Well, those foods don’t cure or kill the flu bacteria. However, if you’re sick, eating them may help alleviate some of your symptoms, give you comfort, and support you in fighting your flu.

Spicy foods, especially chili and other hot peppers, have a chemical component known as capsaicin. It helps you fight flu-causing germs. This compound may make your eyes and nose run but eventually help you break up congestion so you can breathe better. It also improves the flow of blood and metabolism.

In addition, spicy food also reduces the symptoms of colds and flu by opening up nasal passages and dealing with the associated discomfort.

Spicy Food And Your Teeth

Spicy food is everywhere, from Italy to India. So, there is no chance you can avoid spicy food. And it is always sensational to add spice to your dish to increase the spice of life. However, does spicy food affect your teeth? Is too much spice harmful to your teeth?

The answer is “No.” Spicy food does not damage your teeth in general. However, that doesn’t mean you don’t have to be careful when you entertain yourself with spicy cuisine.

Usually, tooth decay starts with bacteria and worsens when you feed that bacteria a steady processed sugar diet. But onions, an ingredient in spicy foods, fight the bacteria that harm your mouth. Additionally, chili powder is known for protecting your bones and your teeth, which has many vitamin A. It also helps with your gums’ mucus and tissue health and lessens inflammation from infection.

However, be cautious while eating spicy food like turmeric. It can cause severe yellowish stains on your teeth if you eat it often.

Spice Up Your Brain

Spicy food has a beneficial effect on the gut, teeth, and bone. But does it affect your brain too?

Surprisingly, spicy food is highly beneficial to your brain. Some spicy foods like turmeric have components that help reduce Alzheimer’s and Parkinson’s disease. In addition, some spices help reduce stress and, to some extent, improve your memory functions.

One study shows that spicy foods are somehow linked to happiness. Eating hot pepper can make you happier by simply initiating your brain to produce happy hormones such as Serotonin.

Therefore, eat spicy food, and be happy.


Is spicy food bad for gut bacteria?

Research shows that spicy food containing garlic, clove, and cinnamon, can kill and reduce the growth of the harmful bacteria E.coli in your gut. They also benefit the development of probiotics, the good bacteria. in your intestines.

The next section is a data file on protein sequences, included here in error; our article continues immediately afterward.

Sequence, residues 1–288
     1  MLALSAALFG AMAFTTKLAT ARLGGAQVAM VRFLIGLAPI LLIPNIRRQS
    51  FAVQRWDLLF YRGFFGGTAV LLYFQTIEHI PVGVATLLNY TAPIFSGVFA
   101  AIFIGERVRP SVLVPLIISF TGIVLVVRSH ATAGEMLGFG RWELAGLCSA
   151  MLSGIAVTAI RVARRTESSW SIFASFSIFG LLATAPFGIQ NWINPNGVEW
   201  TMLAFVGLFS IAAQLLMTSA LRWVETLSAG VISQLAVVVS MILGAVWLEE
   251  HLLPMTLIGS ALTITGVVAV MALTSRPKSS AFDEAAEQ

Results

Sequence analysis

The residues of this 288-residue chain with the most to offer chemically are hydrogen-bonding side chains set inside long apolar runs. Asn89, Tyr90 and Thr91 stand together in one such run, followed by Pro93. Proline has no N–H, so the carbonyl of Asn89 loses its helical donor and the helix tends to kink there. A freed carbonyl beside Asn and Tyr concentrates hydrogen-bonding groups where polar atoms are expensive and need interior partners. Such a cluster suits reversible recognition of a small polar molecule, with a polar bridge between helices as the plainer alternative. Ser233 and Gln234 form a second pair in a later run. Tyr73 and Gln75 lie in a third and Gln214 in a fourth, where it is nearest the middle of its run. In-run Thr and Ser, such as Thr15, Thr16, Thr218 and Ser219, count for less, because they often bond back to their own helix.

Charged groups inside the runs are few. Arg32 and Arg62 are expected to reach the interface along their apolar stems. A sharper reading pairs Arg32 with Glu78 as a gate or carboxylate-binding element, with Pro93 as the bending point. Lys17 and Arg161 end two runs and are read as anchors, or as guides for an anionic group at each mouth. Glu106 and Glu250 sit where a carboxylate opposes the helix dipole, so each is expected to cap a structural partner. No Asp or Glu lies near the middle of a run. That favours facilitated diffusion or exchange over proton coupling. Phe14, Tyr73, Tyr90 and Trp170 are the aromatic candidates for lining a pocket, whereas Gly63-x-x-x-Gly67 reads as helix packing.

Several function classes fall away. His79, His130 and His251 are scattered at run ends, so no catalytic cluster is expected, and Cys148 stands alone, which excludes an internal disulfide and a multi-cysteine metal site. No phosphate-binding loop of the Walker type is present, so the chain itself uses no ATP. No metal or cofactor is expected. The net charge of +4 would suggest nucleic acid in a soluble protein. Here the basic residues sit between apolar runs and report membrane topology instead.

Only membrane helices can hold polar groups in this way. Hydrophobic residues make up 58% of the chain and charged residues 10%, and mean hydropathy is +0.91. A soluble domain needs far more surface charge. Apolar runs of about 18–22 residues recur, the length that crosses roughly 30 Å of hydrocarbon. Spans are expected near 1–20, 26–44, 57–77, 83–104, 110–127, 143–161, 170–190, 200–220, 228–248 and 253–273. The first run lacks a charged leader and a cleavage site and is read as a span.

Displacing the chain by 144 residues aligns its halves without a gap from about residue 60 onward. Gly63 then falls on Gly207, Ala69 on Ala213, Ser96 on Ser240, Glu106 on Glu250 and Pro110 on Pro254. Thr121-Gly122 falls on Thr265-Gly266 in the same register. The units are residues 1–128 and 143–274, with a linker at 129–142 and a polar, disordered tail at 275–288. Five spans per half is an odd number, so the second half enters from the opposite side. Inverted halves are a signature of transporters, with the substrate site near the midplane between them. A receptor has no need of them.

However, if you overeat spicy food, it might cause you abdominal pain and diarrhea. So, spice tolerance is needed first. And you can always ask your doctor ‘does spicy food kill stomach bacteria’ before adding new spices to your meal.

Does chili kill viruses?

Chili pepper does not kill viruses that cause your flu or other diseases. But, if you are suffering from a high fever, hot chili peppers can relieve the pain. It can also stimulate the immune system to fight off the virus.

Research also shows that the components in chilies may kill or inhibit 75% of pathogens of your food that may make you sick.

Moreover, chili pepper is rich in beta-carotene or pro-vitamin A and vitamin C. So, chili pepper can maintain your healthy respiratory, intestinal, and urinary system.

Will spicy food kill parasites?

Parasites purge into fresh food left outside in hotter climates and win their way into people’s stomachs. Research shows that a spicy meal provided people with protection from lingering parasites in hot and humid weather.

Red hot chili pepper is potent against parasites. However, capsaicin, the main compound of chili, may not cure the human body of an infectious parasite; it can create a hostile environment for parasites to make you gut their happy home.

Is spicy food bad for your liver?

Spicy food is a liver-lover. Research shows that consuming spicy food daily, especially food that contains pepper benefits your liver immensely. Capsaicin, the active component of peppers, has a good effect on preventing and progressing liver damage. 

So if you still concerned is spicy food bad for you, let me assure you they are not.

Is it healthy to eat spicy food every day?

Spicy food is the key to your long life. People who eat spicy food every day are solid and sound compared to less-spice eaters.

Spicy food keeps your heart healthy, develops your metabolism, and makes your immune system strong to fight infections. Recent research also shows that eating spicy food lowers death rates due to heart disease and stroke by 13%. 

So, spice up your life and live long.


Spice is life. And life is all about testing your limits. With spicy food, the good thing about ‘testing the limit’ is, it comes with boundless beneficial bags- antibacterial, antiviral, and antifungal. 

Does spicy food kill bacteria? Yes, it does. Some spices contain several components that fight bacteria and reduce their growth. Moreover, your body becomes strong to combat inflammation, improve heart health, and fight cancer.

If you are not into spicy food, start with less spicy foods and gradually go up. Trust me; you will be amazed to see the fantastic health benefits of spicy food.

I am Rubab Sikandar, and I have done MPhil in food and nutrition. I am a professional dietician and content writer. I always try to deliver the best content to the readers. It's my passion to write on medical, health and fitness. Sharing is caring so; I always share what I learned in my academic career.